You can let her know that God loves her and knows her situation. He will care for her and this child He created. His timing is always right. Many women have had an unexpected pregnancy, and they later see their child as a huge blessing. 


Some women consider abortion because of health problems, a previous difficult pregnancy, or because they already have a child with health issues or special needs and fear they cannot handle another child with these challenges. In such cases, it is crucial for a woman to get a second opinion, especially if she says that her doctor advised her to get an abortion. Most PRCs can give women a referral to a pro-life doctor for a second opinion. You could point out that she will love the child she is carrying just as much as she loves any other child she has, regardless of health challenges that may or may not exist.


As pro-lifers, we typically think that adoption is a great option. The Right Brain People found, however, that adoption is the least attractive choice to most women with a surprise pregnancy. Among other reasons, the woman fears that if she chooses adoption, she will lose her identity by having to carry the baby to term and feels that she would be abandoning her child. This option does not give her the resolution she seeks. 

Presenting a positive picture of adoption can help a pregnant woman in crisis view it as a realistic alternative. It is helpful to use language that sounds positive, such as “place your baby in a loving home” instead of “give up your baby for adoption.” You can tell her that birth mothers can choose the adoptive parents and communicate with their child through the years if they desire. Many couples long for a baby but cannot conceive, so her child will be very much wanted and loved. 

No Coincidence

I believe that anytime we find ourselves in a position to have a conversation with an abortion-vulnerable woman, God has placed us there. It is not a coincidence. You can confidently call upon His grace, His love, and His guidance, and regardless of the outcome, His presence will be with you—and with her.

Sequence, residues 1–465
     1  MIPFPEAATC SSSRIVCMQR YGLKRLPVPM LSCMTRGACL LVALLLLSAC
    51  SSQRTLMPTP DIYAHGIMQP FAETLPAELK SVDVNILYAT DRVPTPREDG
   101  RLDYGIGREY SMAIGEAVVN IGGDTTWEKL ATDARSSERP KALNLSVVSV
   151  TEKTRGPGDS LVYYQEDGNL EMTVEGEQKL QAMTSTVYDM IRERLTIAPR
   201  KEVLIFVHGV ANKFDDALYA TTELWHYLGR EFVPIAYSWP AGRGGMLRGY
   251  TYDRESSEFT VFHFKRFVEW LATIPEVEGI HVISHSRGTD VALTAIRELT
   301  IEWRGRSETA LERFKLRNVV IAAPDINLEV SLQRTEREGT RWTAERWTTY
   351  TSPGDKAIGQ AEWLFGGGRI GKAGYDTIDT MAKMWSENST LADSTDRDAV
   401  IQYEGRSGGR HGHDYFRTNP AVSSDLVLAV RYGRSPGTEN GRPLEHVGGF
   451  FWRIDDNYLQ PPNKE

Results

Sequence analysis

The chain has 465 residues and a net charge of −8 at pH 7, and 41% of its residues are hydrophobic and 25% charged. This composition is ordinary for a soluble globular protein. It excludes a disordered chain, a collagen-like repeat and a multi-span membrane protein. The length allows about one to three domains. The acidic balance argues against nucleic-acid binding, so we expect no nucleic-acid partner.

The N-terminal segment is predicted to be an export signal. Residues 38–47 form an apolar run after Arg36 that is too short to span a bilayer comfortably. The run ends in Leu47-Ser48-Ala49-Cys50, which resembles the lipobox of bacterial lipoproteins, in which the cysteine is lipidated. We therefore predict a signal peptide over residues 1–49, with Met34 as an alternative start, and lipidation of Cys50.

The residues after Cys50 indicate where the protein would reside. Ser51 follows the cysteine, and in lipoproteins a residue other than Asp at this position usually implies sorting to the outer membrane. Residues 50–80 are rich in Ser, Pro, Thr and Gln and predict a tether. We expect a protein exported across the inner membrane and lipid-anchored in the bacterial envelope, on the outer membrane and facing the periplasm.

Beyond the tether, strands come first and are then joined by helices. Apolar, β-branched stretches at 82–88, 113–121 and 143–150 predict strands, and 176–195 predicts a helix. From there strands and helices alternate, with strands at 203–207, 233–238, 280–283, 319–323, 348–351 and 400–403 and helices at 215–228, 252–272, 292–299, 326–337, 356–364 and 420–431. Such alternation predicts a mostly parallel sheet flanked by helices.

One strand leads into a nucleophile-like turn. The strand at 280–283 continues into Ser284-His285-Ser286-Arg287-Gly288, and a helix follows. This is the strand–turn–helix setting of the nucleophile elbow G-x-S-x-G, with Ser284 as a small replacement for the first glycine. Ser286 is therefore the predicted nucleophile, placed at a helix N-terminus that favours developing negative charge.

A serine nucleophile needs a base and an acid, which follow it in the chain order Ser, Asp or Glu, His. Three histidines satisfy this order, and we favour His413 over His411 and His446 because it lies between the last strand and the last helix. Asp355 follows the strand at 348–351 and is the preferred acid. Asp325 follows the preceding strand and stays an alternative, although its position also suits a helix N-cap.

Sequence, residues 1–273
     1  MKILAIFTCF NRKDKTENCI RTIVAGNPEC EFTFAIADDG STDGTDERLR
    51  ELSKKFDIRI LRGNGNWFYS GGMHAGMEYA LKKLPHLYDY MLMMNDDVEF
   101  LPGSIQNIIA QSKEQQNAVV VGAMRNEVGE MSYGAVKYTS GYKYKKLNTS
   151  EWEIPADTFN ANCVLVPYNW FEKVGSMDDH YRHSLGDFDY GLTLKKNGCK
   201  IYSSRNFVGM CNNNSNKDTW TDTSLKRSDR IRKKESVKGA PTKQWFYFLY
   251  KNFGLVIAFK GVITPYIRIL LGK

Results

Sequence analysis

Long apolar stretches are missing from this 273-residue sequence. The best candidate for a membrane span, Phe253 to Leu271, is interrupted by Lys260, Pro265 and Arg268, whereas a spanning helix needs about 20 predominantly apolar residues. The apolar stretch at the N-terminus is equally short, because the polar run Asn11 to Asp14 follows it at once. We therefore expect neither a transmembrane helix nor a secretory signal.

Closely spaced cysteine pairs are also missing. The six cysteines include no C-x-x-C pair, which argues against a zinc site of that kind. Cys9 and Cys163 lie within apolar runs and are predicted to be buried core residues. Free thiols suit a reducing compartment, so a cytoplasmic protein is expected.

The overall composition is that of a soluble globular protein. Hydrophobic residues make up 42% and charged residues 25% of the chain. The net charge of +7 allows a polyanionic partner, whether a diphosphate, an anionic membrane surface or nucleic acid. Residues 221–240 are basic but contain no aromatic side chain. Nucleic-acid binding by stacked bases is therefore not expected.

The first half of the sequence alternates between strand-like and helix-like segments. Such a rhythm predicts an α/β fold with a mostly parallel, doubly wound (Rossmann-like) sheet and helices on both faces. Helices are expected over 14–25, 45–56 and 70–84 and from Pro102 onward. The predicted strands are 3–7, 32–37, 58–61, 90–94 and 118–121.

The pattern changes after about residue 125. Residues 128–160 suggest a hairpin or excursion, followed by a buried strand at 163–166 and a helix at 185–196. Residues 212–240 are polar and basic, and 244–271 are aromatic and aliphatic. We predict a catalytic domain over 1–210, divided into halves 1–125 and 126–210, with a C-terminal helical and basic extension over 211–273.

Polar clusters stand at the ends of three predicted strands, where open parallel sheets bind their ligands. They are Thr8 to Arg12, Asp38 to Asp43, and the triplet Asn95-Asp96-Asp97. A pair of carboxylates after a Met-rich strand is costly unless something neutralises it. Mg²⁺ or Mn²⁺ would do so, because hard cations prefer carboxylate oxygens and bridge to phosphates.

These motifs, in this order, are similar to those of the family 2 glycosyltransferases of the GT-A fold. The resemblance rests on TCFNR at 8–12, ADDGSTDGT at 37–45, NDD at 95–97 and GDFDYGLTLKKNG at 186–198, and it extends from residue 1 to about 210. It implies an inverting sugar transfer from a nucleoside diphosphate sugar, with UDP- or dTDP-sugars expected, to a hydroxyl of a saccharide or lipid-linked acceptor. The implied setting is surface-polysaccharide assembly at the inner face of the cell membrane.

We are called to be the hands and feet of Jesus Christ and to love the mother as well as the preborn baby. If she believes that we love her and truly care, then we have the foundation for a fruitful conversation that can pave the way for her to turn from abortion and choose life instead.

1. Sidewalk Advocates for Life Basic Training, Edition 2.0, 2019, p.12.

2. Paul Swope, “Abortion: A Failure to Communicate,” First Things, April 1998, firstthings.com/article/1998/04/004-abortion-a-failure-to-communicate.

3. Sidewalk Advocates for Life Basic Training, Edition 2.0, 2019, p. 22.

4. Jeff Damant and Besheer Mohamed, “What the Data Says about Abortion in the U.S,” Pew Research Center, January 11, 2023, pewresearch.org/short-reads/2023/01/11/what-the-data-says-about-abortion-in-the-u-s-2/.

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About the author

Sarah Vestrat

Sarah Vestrat previously served as the director of Sidewalk Advocates for Life of Tulsa and codirector of Go Life Mobile Medical. She also served for 13 years as a pro-life counselor for the White Rose Women’s Center in Dallas, Texas. Sarah lives in Broken Arrow, Oklahoma.